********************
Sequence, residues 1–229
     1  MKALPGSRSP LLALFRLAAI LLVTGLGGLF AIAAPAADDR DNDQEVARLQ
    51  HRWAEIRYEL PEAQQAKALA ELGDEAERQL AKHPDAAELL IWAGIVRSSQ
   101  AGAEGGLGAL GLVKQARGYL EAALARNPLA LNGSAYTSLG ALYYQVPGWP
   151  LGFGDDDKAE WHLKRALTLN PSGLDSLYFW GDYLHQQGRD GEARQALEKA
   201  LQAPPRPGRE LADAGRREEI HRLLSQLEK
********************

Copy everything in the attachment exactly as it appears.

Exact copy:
Sequence, residues 1–229
     1  MKALPGSRSP LLALFRLAAI LLVTGLGGLF AIAAPAADDR DNDQEVARLQ
    51  HRWAEIRYEL PEAQQAKALA ELGDEAERQL AKHPDAAELL IWAGIVRSSQ
   101  AGAEGGLGAL GLVKQARGYL EAALARNPLA LNGSAYTSLG ALYYQVPGWP
   151  LGFGDDDKAE WHLKRALTLN PSGLDSLYFW GDYLHQQGRD GEARQALEKA
   201  LQAPPRPGRE LADAGRREEI HRLLSQLEK